Hmmm, count me as intrigued by HyperDex. That seems like it could be a great addition to Mongo and Redis.
That being said, I do think you’re missing the forest for the trees a bit. Here’s why:
The CAP theorem doesn’t just let a team or company solve for 2 of the 3 variables. It’s better to say that the CAP theorem proves the limit approaches 2 of the 3. The first variable is easy, the second has to be worked for, the third is intractable. What Mongo is going through is no different than what Oracle, PostgreSQL, and various other database companies have all gone through. And each of those other databases has horror stories around their efforts at getting coverage of the second variables, and the intractabilities of the third. (And I say that with two decades of experience as a database admin, Oracle certs, blah, blah, blah)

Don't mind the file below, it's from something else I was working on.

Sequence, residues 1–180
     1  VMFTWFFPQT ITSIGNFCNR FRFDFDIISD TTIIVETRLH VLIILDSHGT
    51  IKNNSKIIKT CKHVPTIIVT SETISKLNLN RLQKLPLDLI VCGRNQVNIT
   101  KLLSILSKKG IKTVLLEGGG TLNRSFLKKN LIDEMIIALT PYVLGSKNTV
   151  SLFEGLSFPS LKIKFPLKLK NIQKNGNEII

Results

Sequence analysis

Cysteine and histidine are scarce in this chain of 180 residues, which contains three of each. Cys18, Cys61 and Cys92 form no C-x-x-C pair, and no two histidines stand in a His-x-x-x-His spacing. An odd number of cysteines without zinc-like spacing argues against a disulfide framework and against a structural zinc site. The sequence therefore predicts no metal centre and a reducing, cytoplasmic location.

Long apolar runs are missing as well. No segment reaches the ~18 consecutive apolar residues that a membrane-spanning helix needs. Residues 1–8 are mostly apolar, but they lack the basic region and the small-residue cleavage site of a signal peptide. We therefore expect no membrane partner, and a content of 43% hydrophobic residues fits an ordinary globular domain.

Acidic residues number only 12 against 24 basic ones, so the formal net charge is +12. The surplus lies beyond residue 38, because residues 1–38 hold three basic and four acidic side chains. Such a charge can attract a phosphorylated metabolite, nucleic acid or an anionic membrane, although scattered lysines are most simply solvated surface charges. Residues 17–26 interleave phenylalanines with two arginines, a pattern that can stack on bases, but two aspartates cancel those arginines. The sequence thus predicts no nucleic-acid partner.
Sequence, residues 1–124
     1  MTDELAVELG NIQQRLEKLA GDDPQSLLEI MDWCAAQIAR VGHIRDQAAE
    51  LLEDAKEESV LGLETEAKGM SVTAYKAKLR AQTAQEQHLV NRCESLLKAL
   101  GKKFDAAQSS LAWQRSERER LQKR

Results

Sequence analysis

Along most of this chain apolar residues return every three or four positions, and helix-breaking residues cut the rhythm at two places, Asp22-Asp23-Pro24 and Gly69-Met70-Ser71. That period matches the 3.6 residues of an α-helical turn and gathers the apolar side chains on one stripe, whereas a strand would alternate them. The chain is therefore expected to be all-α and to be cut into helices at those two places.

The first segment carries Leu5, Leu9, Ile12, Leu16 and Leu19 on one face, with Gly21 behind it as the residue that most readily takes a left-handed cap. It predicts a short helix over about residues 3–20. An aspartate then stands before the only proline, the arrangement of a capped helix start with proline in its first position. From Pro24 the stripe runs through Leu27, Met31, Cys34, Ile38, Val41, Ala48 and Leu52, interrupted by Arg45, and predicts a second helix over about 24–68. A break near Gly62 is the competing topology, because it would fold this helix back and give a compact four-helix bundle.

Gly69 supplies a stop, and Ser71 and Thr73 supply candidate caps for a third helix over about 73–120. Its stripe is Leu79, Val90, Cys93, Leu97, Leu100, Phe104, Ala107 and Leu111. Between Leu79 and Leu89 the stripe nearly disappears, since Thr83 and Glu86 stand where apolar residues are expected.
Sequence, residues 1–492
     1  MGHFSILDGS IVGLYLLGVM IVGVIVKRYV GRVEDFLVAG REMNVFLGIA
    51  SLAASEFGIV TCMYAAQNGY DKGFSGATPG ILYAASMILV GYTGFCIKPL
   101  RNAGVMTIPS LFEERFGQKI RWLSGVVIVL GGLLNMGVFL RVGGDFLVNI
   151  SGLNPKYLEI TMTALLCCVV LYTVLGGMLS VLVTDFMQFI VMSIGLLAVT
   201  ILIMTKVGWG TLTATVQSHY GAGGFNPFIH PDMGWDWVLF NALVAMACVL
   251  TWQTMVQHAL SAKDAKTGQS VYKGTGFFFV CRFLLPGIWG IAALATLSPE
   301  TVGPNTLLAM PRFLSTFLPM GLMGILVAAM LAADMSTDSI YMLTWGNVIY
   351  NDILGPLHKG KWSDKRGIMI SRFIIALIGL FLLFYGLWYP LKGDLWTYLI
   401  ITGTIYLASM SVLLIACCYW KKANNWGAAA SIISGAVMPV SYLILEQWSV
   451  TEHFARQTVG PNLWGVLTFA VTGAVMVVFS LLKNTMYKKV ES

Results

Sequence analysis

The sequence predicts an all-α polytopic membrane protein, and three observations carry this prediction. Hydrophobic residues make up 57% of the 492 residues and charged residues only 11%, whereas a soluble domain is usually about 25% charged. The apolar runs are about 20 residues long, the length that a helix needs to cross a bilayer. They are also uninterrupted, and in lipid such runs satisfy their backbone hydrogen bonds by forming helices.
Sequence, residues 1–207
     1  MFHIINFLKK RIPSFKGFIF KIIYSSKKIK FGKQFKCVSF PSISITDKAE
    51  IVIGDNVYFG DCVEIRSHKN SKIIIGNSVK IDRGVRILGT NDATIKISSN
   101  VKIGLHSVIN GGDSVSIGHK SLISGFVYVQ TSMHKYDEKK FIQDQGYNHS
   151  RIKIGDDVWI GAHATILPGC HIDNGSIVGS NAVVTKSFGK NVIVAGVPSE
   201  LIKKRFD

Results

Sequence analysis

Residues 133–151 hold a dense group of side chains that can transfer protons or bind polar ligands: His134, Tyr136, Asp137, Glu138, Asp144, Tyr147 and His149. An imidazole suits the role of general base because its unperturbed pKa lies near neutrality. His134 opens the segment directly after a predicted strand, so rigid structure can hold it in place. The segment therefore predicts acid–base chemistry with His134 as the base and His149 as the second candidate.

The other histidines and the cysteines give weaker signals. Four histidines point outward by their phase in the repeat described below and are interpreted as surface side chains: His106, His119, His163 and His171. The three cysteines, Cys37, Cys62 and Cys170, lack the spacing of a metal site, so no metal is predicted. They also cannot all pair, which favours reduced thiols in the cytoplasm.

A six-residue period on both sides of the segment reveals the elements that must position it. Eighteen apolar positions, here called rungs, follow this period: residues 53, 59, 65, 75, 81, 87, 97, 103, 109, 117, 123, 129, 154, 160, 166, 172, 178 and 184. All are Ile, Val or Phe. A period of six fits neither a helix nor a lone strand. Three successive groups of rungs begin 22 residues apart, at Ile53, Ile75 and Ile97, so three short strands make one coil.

It ultimately comes down to values, and what kind of application one is trying to create. Some people would rather have a system that can service 100 million people with a 0.01% error rate instead of a system that can service 100K people with a 0.000000001% error rate.
Example: If I’m tracking pedometry data or nutrition data from a FitBit, does anybody really care if a record from 8 months ago is inconsistent for a few hours until a shard comes back online? Do they care if the record reports that 0 calories were eaten on a particular day 8 months ago instead of 3000? When half the time-series data is null values anyhow? No. They’re more interested in running averages, which are kept in memory in the app with Redis.
(But even if we swapped them in, I wouldn’t trust either of them to handle the scaling load of low-value biometrics data; which I’d still need Mongo for.)